Heparin-induced thrombocytopenia: in vitro studies on the interaction of dabigatran, rivaroxaban, and low-sulfated heparin, with platelet factor 4 and anti-PF4/heparin antibodies.
ABSTRACT Heparin is a widely used anticoagulant. Because of its negative charge, it forms complexes with positively charged platelet factor 4 (PF4). This can induce anti-PF4/heparin IgG Abs. Resulting immune complexes activate platelets, leading to the prothrombotic adverse drug reaction heparin-induced thrombocytopenia (HIT). HIT requires treatment with alternative anticoagulants. Approved for HIT are 2 direct thrombin inhibitors (DTI; lepirudin, argatroban) and danaparoid. They are niche products with limitations. We assessed the effects of the DTI dabigatran, the direct factor Xa-inhibitor rivaroxaban, and of 2-O, 3-O desulfated heparin (ODSH; a partially desulfated heparin with minimal anticoagulant effects) on PF4/heparin complexes and the interaction of anti-PF4/heparin Abs with platelets. Neither dabigatran nor rivaroxaban had any effect on the interaction of PF4 or anti-PF4/heparin Abs with platelets. In contrast, ODSH inhibited PF4 binding to gel-filtered platelets, displaced PF4 from a PF4-transfected cell line, displaced PF4/heparin complexes from platelet surfaces, and inhibited anti-PF4/heparin Ab binding to PF4/heparin complexes and subsequent platelet activation. Dabigatran and rivaroxaban seem to be options for alternative anticoagulation in patients with a history of HIT. ODSH prevents formation of immunogenic PF4/heparin complexes, and, when given together with heparin, may have the potential to reduce the risk for HIT during treatment with heparin.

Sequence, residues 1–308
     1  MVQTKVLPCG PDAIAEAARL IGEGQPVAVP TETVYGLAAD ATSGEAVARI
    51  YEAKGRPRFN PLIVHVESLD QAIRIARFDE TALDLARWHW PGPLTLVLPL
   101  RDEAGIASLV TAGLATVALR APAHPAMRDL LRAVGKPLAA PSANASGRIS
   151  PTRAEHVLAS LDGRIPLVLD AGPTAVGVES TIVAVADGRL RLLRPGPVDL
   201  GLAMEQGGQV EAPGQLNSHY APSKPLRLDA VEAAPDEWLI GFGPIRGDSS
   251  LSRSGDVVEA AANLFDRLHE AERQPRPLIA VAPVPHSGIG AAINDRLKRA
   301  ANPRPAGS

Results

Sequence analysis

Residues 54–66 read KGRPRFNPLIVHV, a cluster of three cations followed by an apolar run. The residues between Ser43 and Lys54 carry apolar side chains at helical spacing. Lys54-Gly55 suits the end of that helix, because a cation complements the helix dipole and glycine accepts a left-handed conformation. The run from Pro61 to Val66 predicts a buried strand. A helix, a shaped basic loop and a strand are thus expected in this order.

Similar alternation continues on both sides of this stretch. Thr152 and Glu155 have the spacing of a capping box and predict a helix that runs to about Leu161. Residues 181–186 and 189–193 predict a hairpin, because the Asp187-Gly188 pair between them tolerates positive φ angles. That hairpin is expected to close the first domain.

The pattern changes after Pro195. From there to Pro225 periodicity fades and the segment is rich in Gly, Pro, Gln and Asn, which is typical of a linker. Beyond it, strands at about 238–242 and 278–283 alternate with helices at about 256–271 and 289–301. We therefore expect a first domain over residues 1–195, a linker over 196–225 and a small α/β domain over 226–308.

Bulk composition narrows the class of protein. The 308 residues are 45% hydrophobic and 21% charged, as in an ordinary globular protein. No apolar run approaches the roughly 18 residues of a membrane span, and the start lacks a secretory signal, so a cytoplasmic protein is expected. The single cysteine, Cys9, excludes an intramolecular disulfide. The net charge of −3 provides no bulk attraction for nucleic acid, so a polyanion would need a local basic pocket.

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ABSTRACT: Prevailing approaches to manage autoimmune thrombotic disorders, such as heparin-induced thrombocytopenia (HIT), antiphospholipid syndrome (APS) and thrombotic thrombocytopenic purpura (TTP) include immunosuppression and systemic anticoagulation, though neither provides optimal outcome for many patients. A different approach is suggested by the concurrence of autoantibodies and their antigenic targets in the absence of clinical disease, such as platelet factor 4 (PF4) in HIT and β(2)-glycoprotein-I (β(2)GPI) in APS. The presence of autoantibodies in the absence of disease suggests that conformational changes or other alterations in endogenous protein autoantigens are required for recognition by pathogenic autoantibodies. In TTP, the clinical impact of ADAMTS13 deficiency caused by autoantibodies likely depends on the balance between residual antigen, i.e. enzyme activity, and demand imposed by local genesis of ultralarge multimers of von Willebrand factor (ULvWF). A corollary of these concepts is that disrupting PF4 and β(2)GPI conformation (or ULvWF oligomerization or function) might provide a disease-targeted approach to prevent thrombosis without systemic anticoagulation or immunosuppression. Validation of this approach requires a deeper understanding of how seemingly normal host proteins become antigenic or undergo changes that increase antibody avidity, and how they can be altered to retain adaptive functions while shedding epitopes prone to elicit harmful autoimmunity.Blood 09/2012; · 9.90 Impact Factor